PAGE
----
What remains unsaid is often as important as what is said in “Sr.,” an emotional documentary directed by Chris Smith about the relationship between Robert Downey Jr. and his namesake father, a director of counterculture movies of the late 1960s and the 1970s.
Mr., who begins to physically decline due to Parkinson’s disease as this documentary progresses, is a quietly controlling sort of guy who deflects personal questions. When his son asks him about the title of this movie, Sr. says, “I like it, but we can do better” in an offhand tone of voice that sounds a lot like Alan Arkin, who was a friend of Sr. and is interviewed here.
In Sr.’s office, there is a poster of Jean Renoir’s “La Grande Illusion” next to a poster of Charles Busch in “The Lady in Question,” and this reveals Sr.’s dedication to the spirit of downtown New York theater , which is where he met and married Elsie Ann Ford, who acted in his movies and gave birth to both Robert and his sister Allyson.
We see short bits of early Sr. movies, which have titles like “Sweet Smell of Sex” and “Chafed Elbows,” and then his breakthrough film “Putney Swope,” which led to larger budgets and a burgeoning problem with drugs that touched both father and son, who appeared as a young boy in many of these Mr. pictures.
“Mr.” records conversations between the Downeys in which Jr. attempts to make a narrative out of their life story; they are very different in style and in temperament, and this is partly generational. Sr. is a slow-talking wisecracker who keeps his thoughts and feelings close to the vest, while Jr. has a quicksilver delivery that is far more modern. “How are you?” asks Sr. on the phone, and Jr. right away comes back with, “Sometimes…I wonder!” in a rapid-fire, “upset,” and very campy tone of voice. Even given his age and illness, Sr. feels like the bear or the tortoise while Jr. feels like the rabbit or the fox.
Jr. was doing drugs around his father from a very young age, but somehow he managed to pull himself out of that, and now he is a prosperous movie star worth enormous amounts of money. One topic that is never broached in “Sr.” is what Downey’s father thinks of the “Iron Man” movies and the like that have made his now-sober son so much money but limited him as an actor, but this is one of many dangerous subjects that are avoided here.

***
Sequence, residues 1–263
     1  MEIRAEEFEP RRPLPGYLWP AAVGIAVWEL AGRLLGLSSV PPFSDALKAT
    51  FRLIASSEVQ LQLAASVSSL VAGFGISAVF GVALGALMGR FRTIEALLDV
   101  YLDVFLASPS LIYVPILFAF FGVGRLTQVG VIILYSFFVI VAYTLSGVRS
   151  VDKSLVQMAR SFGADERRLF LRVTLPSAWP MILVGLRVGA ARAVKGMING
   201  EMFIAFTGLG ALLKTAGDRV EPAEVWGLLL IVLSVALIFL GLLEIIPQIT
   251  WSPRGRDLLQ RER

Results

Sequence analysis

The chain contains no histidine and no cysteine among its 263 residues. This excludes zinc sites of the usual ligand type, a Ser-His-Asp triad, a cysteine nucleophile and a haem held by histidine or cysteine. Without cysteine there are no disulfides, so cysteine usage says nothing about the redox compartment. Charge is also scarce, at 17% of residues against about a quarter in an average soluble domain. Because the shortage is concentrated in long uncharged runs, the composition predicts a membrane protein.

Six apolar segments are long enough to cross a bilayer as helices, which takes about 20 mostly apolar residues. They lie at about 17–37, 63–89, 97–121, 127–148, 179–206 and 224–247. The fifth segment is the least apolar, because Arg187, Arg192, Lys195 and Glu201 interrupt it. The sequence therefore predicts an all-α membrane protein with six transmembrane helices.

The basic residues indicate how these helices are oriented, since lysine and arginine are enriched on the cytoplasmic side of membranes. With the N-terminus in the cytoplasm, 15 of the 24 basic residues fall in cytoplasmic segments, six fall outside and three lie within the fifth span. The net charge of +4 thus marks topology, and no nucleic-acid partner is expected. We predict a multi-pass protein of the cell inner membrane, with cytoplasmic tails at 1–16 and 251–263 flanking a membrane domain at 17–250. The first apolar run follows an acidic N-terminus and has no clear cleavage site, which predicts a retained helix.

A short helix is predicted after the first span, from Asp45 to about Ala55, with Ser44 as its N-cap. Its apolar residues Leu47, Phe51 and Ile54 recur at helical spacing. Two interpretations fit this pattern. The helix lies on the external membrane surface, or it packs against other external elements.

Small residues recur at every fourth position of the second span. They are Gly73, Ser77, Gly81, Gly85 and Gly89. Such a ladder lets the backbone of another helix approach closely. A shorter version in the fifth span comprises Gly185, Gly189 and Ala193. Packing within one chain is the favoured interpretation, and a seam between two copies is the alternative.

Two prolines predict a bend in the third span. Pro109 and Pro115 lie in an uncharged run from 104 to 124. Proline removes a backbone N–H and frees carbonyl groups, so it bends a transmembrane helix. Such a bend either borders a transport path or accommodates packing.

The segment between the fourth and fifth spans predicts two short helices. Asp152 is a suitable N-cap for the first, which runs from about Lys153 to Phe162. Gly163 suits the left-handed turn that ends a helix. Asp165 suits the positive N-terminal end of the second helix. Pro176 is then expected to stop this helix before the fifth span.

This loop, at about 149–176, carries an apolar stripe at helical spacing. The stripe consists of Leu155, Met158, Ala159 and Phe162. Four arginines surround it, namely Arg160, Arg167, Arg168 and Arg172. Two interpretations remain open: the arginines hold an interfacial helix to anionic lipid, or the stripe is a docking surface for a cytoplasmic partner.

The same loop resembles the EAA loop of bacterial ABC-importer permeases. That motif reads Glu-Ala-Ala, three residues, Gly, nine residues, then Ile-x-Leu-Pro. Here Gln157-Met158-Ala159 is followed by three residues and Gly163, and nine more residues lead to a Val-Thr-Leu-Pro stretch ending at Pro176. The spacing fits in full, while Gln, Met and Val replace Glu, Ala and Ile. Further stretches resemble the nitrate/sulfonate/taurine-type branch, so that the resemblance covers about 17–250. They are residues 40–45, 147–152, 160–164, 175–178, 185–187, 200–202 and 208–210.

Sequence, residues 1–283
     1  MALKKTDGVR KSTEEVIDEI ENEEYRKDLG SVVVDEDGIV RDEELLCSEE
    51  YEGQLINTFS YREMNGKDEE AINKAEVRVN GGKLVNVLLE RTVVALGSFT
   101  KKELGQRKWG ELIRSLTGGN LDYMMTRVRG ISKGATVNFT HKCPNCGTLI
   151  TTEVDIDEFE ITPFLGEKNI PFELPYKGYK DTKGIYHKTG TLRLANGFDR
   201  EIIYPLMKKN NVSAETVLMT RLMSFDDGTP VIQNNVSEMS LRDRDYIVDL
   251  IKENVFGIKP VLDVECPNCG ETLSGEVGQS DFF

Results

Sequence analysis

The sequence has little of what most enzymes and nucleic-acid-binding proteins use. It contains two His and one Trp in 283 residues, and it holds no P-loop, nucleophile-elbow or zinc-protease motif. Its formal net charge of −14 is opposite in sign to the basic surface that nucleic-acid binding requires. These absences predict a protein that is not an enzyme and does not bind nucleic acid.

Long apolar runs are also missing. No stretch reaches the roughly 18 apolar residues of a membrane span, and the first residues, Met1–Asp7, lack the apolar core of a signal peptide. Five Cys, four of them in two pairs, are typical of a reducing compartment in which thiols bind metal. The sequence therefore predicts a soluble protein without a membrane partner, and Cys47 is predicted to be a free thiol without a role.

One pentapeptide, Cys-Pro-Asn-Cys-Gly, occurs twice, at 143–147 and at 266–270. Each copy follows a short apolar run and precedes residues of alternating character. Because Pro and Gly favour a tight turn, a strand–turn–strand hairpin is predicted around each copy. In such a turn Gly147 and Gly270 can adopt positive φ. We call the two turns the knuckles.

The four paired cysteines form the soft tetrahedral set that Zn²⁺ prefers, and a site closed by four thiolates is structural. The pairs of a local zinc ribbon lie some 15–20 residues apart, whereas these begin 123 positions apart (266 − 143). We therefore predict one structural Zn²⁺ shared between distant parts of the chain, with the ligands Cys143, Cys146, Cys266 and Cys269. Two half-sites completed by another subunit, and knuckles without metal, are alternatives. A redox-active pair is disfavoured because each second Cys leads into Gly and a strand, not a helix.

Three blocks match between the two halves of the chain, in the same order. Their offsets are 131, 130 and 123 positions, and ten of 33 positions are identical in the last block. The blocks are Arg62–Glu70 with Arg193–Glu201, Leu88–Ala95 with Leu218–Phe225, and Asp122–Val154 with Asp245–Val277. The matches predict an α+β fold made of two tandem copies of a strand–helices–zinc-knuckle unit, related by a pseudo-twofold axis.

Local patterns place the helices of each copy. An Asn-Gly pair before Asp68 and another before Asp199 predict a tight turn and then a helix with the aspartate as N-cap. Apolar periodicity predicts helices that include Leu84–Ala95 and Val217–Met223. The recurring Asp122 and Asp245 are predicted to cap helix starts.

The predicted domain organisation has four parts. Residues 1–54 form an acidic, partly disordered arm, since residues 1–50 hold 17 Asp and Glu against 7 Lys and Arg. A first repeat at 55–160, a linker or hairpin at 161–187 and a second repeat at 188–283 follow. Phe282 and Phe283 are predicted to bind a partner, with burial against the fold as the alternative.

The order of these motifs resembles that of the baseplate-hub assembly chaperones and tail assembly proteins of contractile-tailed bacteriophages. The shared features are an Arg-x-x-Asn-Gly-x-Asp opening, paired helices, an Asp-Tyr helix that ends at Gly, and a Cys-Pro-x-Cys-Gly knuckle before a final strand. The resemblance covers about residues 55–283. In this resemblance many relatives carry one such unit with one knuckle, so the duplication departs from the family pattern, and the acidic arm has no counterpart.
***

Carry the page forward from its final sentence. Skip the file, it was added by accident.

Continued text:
Jr. says in this movie that filming his father’s decline feels natural because in his youth they were always filming everything. “When I saw cameras, I perceived it as time with my Dad,” Jr. says, and the cameras here catch Sr. in moments where physical pain breaks through the cultivated deadpan mask he wears. Father and son are both given to joking through things, but Sr.’s illness and impending death gradually weaken their defense mechanisms.
When Sr. has lost his mobility and is confined to his bed, he still makes suggestions about how to live up this documentary with some of his trademark absurdist touches. He thinks that Jr. should suddenly appear from behind a tree and sing a Schubert song in all seriousness, and Jr. takes this idea and does it in his own less random way. “It all looks sweetly narcissistic,” Sr. comments when he sees this footage, which tips us off that there is a much sharper man under the “laid-back” persona he often presents to the camera.
“Mr.” is very touching in the last scenes before the death of the patriarch, who was more permissive with himself and his family than he should have been. Jr. has a moment here where he offers a bit of espresso to his own son and then immediately says, “Don’t tell Mom,” and so worrying about childhood caffeine intake has replaced his own anything-goes childhood, where he was “ in charge of the hash pipe.” That period for both Sr. and Jr. could have led to disaster, but both of them somehow came through.
If “Mr.” doesn’t provide any special insights into how that happened, it does offer touching father-son scenes preached on forgiveness and love.
“Mr.” premieres on Netflix US Dec. 2.